Trump himself, as far as we know, did not appear before the grand jurors, though this just means that he didn’t have a chance to lie to them in person. (McBurney noted that some of the grand jury’s recommendations concerned people who had not appeared before it.) It is, indeed, ludicrous to say—as a Trump spokesperson nonetheless did say on Thursday—that the sections of the report that were released “have nothing to do with the President because President Trump did absolutely nothing wrong.” The witnesses and the evidence that the grand jury explored all concerned something he did that was very wrong: trying to hold on to power after losing an election. And that story, from almost the moment the polls closed on November 3, 2020, has been peculiarly focussed on Georgia.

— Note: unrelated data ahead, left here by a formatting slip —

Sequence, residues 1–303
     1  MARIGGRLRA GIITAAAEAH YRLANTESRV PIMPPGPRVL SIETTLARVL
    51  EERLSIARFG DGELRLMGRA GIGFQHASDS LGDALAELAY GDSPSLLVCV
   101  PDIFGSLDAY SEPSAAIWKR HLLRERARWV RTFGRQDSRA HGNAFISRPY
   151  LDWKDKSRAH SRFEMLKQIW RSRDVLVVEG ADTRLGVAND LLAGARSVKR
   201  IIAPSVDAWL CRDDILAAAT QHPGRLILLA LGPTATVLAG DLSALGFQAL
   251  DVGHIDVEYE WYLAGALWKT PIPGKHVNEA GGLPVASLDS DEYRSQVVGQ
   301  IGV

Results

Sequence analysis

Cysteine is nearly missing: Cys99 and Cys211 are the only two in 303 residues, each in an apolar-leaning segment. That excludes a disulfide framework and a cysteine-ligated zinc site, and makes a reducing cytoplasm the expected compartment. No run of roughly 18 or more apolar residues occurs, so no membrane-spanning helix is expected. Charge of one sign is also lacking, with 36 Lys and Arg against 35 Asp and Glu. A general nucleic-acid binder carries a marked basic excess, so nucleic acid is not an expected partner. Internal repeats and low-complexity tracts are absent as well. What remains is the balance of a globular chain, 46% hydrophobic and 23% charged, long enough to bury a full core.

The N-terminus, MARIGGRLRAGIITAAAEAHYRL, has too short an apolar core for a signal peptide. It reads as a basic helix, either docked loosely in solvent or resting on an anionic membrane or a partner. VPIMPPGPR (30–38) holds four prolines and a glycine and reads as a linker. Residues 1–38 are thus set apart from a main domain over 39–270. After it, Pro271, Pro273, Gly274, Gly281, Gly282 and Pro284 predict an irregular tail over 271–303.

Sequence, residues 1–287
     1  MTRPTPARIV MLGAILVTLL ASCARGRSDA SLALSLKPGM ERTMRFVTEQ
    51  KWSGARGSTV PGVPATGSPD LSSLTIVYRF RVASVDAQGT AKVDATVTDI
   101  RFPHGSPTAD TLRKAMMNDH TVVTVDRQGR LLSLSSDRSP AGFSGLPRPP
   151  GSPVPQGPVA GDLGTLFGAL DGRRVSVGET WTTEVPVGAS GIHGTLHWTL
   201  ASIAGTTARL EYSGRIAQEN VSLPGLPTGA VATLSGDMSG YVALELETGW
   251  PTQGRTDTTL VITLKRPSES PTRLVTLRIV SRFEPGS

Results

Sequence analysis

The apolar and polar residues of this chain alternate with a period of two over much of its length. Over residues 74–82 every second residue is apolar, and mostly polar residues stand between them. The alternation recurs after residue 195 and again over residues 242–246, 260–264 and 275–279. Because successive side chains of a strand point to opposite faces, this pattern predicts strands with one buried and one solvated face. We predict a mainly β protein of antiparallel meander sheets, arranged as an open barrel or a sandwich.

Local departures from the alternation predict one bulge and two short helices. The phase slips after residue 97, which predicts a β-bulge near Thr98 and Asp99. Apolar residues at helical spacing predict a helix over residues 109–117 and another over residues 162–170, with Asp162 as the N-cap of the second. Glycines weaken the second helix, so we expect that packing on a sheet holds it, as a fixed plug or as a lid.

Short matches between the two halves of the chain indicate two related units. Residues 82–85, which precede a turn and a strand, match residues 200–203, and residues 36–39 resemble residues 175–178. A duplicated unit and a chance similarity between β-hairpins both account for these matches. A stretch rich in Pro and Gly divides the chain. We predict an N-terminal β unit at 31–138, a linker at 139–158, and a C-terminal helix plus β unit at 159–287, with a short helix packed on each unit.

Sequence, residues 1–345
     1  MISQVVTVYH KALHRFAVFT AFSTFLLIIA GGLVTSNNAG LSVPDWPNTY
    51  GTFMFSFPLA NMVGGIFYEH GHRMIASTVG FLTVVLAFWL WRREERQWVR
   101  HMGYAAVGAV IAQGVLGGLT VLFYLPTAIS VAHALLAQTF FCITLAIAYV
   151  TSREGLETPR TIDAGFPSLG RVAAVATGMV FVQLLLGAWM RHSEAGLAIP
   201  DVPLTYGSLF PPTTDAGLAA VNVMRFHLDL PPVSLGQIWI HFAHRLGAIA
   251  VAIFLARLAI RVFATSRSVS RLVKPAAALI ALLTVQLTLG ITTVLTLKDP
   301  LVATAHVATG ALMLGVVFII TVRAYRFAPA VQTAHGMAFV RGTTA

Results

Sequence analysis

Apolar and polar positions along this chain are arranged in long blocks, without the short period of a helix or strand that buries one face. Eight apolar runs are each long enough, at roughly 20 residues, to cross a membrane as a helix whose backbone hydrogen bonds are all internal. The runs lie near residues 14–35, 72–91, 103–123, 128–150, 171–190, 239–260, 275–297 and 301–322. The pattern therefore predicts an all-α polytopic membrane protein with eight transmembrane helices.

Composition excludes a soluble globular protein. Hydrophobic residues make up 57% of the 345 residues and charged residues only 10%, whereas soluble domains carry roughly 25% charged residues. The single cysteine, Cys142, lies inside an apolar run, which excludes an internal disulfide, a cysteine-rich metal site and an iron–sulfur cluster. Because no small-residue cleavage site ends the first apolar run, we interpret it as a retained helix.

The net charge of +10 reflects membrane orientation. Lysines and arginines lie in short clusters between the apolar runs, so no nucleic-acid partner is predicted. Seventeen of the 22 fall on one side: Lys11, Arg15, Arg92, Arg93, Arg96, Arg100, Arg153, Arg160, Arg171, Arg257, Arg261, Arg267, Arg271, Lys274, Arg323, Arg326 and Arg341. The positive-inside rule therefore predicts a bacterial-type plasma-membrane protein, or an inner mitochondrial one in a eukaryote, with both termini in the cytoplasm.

The results in the state were close. Perhaps Trump could not believe he had lost what had become a swing state—or perhaps the closeness made a manipulation of the results seem doable. With the support of some very loud Georgia elected officials, notably Representative Marjorie Taylor Greene, the Trump team demanded everything it could think of—a recount, an audit, lawsuits. On December 3, 2020, Giuliani appeared at a Georgia State Senate hearing, howling about fraud. By early December, though, the only effect of those challenges and retallyings had been to further affirm the outcome. Some key Republican state officials in Georgia, including Raffensperger, were left with a choice of sticking with Trump or sticking with the numbers right in front of them—and, to their credit, they stuck to the numbers. Governor Brian Kemp, who had been a Trump supporter, demurred when Trump called him on December 5th in an attempt to get help in overriding the voters by asking the state’s legislators to select their own electors. (Kemp was also a witness for the grand jury, though he initially fought his subpoena.)